Democracy is not an unmixed blessing; on the one hand it confers respect for minorities’ rights and on the other it provides a platform where intolerance and hatreds get leeway leading to societal friction and violence. Such intolerance and hatreds have found their way in the social media as well and no effort has been made to check it.
The judgement said that there is a general lack of awareness about minority rights among the people and those entrusted with enforcement of law are also not fully sensitised to this issue either.
The freedom of religion must be construed liberally to include freedom of conscience, thought, expression, belief and faith. The freedom of religion must not be curtailed by attributing an interpretation of the right to religious belief and practice exclusively as a community-based freedom.
The right to religious conscience is a fundamental right. It has not been subjected or subordinated to any other provision of the constitution because it is only subject to law, public order and morality and not to any religious clauses of the constitution.
The notion of law or public order or morality is not reducible to the Islamic meanings of these terms. Therefore article 20 has a certain pre-eminence in the constitution being only subject to the general restrictions of law, public order and morality, which three terms cannot be interpreted or used in such a restrictive way as to curtail the basic essence and meaning of the pre-eminent right to religious conscience.
The right to profess and practice is conferred not only on religious communities but also on every citizen. Neither the majority religious denominations or sect nor the minority religious denomination or sect can impose its religious will on the citizen. Justice Tassaduq stresses upon this that every citizen would necessarily include both males and females (article 263), which point needs emphasis considering the exclusion or subordination of women in relation to numerous forms of religious practices.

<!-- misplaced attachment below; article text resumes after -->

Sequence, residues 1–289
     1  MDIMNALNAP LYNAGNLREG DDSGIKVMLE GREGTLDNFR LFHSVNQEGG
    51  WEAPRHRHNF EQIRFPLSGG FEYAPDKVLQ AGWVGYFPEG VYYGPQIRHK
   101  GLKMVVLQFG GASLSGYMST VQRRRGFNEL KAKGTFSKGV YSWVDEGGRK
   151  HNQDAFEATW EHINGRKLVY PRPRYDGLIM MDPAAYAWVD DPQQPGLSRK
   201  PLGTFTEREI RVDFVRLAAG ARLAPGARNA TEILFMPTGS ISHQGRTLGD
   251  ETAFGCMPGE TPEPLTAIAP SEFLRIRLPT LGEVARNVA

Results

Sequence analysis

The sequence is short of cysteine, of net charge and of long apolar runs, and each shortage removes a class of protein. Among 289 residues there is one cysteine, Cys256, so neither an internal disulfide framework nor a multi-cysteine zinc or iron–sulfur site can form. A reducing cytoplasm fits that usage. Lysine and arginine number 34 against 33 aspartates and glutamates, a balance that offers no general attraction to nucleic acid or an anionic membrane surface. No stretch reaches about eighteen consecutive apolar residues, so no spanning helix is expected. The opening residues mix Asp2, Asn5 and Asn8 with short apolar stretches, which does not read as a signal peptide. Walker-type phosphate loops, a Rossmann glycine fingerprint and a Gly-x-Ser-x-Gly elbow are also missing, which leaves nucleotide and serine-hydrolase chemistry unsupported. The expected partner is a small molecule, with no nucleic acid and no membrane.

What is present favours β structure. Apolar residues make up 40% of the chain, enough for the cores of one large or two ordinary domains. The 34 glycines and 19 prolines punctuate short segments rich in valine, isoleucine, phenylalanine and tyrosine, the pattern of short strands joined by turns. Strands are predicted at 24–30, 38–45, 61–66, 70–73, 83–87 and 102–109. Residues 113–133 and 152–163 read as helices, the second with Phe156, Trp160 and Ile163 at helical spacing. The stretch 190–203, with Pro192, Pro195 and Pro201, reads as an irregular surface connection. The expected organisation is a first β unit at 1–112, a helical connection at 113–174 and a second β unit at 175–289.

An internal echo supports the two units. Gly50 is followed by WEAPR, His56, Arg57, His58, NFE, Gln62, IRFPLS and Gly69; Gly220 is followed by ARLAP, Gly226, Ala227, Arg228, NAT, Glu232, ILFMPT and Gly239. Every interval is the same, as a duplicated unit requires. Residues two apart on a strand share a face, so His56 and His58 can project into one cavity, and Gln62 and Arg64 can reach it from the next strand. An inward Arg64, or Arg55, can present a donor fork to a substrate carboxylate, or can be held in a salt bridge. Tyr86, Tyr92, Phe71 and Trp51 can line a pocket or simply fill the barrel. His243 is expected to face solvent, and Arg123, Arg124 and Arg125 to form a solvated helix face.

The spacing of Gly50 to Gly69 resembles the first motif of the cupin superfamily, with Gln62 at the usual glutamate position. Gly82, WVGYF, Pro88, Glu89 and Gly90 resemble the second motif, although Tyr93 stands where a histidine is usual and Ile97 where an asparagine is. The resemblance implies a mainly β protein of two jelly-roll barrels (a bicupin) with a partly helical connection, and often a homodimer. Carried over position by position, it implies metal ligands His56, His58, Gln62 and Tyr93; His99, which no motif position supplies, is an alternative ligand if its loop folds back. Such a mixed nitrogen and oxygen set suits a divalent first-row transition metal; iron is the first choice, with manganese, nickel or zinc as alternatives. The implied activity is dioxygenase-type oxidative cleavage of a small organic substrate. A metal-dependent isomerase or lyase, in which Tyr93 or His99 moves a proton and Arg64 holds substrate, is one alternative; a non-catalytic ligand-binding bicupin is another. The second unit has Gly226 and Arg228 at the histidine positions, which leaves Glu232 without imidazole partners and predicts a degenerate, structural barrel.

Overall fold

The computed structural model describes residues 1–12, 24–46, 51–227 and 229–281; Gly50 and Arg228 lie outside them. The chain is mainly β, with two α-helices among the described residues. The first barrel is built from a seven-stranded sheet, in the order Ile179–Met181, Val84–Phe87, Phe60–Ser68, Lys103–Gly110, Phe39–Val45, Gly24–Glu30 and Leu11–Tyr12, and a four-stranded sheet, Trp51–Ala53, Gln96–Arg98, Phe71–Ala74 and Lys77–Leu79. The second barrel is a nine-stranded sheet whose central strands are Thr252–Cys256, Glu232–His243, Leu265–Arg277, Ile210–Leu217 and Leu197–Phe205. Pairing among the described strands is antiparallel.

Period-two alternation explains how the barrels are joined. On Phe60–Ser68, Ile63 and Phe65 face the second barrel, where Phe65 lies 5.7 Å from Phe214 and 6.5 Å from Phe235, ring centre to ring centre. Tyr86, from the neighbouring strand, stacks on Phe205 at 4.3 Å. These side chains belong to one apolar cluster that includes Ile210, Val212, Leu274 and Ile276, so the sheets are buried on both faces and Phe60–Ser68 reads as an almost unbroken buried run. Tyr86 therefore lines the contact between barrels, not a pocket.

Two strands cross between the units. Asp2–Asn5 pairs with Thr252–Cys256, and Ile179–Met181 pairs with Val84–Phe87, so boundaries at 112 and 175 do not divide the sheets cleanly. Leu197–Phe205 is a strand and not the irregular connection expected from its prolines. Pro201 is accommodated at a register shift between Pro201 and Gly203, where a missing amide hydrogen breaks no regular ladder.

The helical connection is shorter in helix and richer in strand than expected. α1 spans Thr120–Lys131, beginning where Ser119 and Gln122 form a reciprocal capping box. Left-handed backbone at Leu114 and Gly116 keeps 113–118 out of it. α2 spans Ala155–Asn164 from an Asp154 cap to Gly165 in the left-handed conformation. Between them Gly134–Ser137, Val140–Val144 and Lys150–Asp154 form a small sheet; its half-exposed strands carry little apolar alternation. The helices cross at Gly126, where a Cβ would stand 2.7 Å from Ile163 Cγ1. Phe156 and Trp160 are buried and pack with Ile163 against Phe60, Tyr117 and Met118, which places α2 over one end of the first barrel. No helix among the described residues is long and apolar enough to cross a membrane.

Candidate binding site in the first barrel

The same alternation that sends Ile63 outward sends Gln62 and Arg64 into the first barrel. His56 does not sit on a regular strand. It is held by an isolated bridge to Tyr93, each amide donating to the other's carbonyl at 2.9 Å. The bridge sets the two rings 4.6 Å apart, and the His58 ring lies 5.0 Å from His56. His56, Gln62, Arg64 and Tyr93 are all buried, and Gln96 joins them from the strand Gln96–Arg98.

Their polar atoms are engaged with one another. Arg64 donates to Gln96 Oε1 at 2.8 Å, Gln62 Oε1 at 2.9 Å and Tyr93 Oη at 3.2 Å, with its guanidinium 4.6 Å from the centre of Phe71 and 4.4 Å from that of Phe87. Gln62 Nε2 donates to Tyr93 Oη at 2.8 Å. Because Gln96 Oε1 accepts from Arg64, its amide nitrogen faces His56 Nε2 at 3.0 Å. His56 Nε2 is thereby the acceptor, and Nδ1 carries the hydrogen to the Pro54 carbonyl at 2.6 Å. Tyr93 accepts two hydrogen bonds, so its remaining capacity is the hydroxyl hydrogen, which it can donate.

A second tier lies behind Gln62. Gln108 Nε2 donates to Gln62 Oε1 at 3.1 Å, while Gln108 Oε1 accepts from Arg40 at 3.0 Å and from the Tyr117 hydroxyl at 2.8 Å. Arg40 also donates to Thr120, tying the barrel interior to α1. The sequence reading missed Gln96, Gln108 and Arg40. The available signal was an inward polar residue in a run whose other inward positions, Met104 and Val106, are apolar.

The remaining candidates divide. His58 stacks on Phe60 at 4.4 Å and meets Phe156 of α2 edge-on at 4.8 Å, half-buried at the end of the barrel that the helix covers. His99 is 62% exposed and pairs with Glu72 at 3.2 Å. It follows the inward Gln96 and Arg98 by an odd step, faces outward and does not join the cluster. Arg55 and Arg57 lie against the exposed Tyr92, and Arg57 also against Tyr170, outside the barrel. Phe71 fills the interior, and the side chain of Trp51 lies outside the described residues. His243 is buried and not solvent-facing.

The right of religious conscience conferred on every citizen is a right conferring three distinct rights i.e. right to profess, right to practice and right to propagate. The article 20 does not merely confer a private right to profess but confers a right to practice both privately and publicly his or her religion. Moreover, it confers the additional right not only to profess and practice his own religion but to have the right to propagate his or her religion to others.
The propagation of religion has not been limited to Muslims but this right is equally conferred on non-Muslims to propagate their religion to their own community and to other communities.
“This should not be seen as a right to encourage conversions but more importantly, should be seen as a right against forced conversions or imposing beliefs on others because if all citizens have the right to propagate then no citizen has the right of forced conversion or imposing beliefs on others.”
“It is imperative that the right to freedom of religion be restored as an individual and indefeasible right, while concurrently preserving and protecting this right at a communal level, where the latter does not infringe on the former.”